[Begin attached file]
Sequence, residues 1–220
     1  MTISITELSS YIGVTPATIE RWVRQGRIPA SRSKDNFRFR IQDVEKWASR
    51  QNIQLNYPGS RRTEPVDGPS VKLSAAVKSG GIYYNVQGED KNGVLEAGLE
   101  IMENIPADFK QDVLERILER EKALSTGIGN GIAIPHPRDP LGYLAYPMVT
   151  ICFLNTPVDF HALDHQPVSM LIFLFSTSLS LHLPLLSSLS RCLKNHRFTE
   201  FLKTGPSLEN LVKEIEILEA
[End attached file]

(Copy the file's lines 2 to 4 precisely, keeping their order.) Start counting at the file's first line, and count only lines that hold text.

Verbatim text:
     1  MTISITELSS YIGVTPATIE RWVRQGRIPA SRSKDNFRFR IQDVEKWASR
    51  QNIQLNYPGS RRTEPVDGPS VKLSAAVKSG GIYYNVQGED KNGVLEAGLE
   101  IMENIPADFK QDVLERILER EKALSTGIGN GIAIPHPRDP LGYLAYPMVT